He's a cutie, Pepper the robot. He looks up to you like a trusting dog, and if he didn't speak in such a jarring manner, you might forget that he is a machine.
And so it should be. Pepper is, in fact, one of the humanoid robots, because he looks human. "But he should clearly differ from people," explains Nicolas Boudot SoftBank Robotics, the company that brought Pepper to ITB Berlin Convention. "Humanoid robots resemble zombies more than living people. They scare us."
The 1.20-metre robot Pepper, on the other hand, comes across as very likeable, with his glossy white exterior, round head, and big wide eyes that light up in changing colours. Pepper serves as an interface to the internet, providing access to all kinds of eServices. He can make hotel reservations, change airline reservations, reserve tickets, or serve as an online retailer. All by voice. As an intelligent machine, he's continually improving. He gives personalised information and answers knowledge questions. Pepper can supposedly even analyse people's facial expressions and gestures and respond accordingly.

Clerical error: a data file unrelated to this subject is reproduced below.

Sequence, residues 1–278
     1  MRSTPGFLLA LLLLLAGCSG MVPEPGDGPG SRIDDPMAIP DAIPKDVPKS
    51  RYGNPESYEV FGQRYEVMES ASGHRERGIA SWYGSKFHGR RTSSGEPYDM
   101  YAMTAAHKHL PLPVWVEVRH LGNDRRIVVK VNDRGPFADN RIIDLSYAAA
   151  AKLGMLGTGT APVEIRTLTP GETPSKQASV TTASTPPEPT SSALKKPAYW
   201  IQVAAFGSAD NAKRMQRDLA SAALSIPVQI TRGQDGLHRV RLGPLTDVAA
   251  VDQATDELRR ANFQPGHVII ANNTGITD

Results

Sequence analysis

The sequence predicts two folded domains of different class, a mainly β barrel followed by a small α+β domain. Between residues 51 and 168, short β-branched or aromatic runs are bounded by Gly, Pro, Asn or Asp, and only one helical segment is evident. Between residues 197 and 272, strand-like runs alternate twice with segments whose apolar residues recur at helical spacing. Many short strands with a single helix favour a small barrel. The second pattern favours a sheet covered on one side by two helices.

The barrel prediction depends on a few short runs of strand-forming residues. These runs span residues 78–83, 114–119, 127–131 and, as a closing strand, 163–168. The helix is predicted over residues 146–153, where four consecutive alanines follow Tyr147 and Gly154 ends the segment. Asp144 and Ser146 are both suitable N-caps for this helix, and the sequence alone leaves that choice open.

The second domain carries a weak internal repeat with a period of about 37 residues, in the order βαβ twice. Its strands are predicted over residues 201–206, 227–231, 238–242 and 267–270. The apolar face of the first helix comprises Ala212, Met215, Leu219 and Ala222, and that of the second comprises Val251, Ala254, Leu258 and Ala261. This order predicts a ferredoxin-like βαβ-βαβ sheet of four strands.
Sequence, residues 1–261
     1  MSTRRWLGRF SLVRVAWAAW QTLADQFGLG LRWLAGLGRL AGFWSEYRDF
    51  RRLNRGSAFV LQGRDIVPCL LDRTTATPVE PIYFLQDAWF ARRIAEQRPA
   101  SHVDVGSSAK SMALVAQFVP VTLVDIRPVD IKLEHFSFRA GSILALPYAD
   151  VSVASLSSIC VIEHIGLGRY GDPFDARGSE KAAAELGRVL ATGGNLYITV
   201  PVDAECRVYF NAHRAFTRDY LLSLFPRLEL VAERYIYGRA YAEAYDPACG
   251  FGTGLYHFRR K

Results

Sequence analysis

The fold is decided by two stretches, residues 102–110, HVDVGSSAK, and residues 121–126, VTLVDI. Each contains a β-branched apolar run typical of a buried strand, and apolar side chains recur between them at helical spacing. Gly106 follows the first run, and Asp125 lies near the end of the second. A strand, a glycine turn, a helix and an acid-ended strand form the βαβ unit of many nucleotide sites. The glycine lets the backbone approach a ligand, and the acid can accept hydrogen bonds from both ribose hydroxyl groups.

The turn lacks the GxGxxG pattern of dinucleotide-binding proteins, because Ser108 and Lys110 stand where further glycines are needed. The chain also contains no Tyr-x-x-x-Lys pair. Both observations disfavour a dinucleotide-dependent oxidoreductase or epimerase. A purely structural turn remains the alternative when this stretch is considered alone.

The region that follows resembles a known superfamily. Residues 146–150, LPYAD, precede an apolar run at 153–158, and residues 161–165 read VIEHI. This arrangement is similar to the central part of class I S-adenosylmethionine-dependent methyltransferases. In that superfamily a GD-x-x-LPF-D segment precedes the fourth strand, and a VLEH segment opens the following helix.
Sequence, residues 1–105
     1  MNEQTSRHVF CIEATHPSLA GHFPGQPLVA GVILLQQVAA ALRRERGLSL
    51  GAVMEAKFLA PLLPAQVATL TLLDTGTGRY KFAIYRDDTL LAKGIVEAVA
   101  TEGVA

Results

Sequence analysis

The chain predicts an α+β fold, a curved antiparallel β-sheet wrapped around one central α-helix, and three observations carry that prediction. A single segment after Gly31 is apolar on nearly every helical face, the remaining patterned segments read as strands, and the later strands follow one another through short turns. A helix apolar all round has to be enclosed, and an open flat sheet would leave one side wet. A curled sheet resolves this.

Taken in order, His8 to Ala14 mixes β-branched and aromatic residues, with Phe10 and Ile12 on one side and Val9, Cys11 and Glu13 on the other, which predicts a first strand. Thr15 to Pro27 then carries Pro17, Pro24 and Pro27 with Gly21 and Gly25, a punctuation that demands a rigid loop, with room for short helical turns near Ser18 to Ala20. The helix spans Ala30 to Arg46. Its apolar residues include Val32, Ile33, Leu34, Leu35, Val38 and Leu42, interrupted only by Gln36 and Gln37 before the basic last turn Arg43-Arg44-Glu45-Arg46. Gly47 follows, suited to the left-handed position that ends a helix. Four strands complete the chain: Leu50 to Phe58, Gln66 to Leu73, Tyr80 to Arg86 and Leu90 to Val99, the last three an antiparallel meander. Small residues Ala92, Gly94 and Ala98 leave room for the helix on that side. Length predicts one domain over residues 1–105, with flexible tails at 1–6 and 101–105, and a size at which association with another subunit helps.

At the demonstration at ITB Berlin, Boudot let Pepper change his seat booking on a flight. The robot scans his booking's QR code from his smartphone – the QR scanner sits behind a hole in the robot's forehead. The plane's seating chart is then shown on the screen that Pepper has on his chest. Boudot clicks on the desired seat. Done.
Press contact: Nicolas Boudot
Tel.: + 33 177 371 752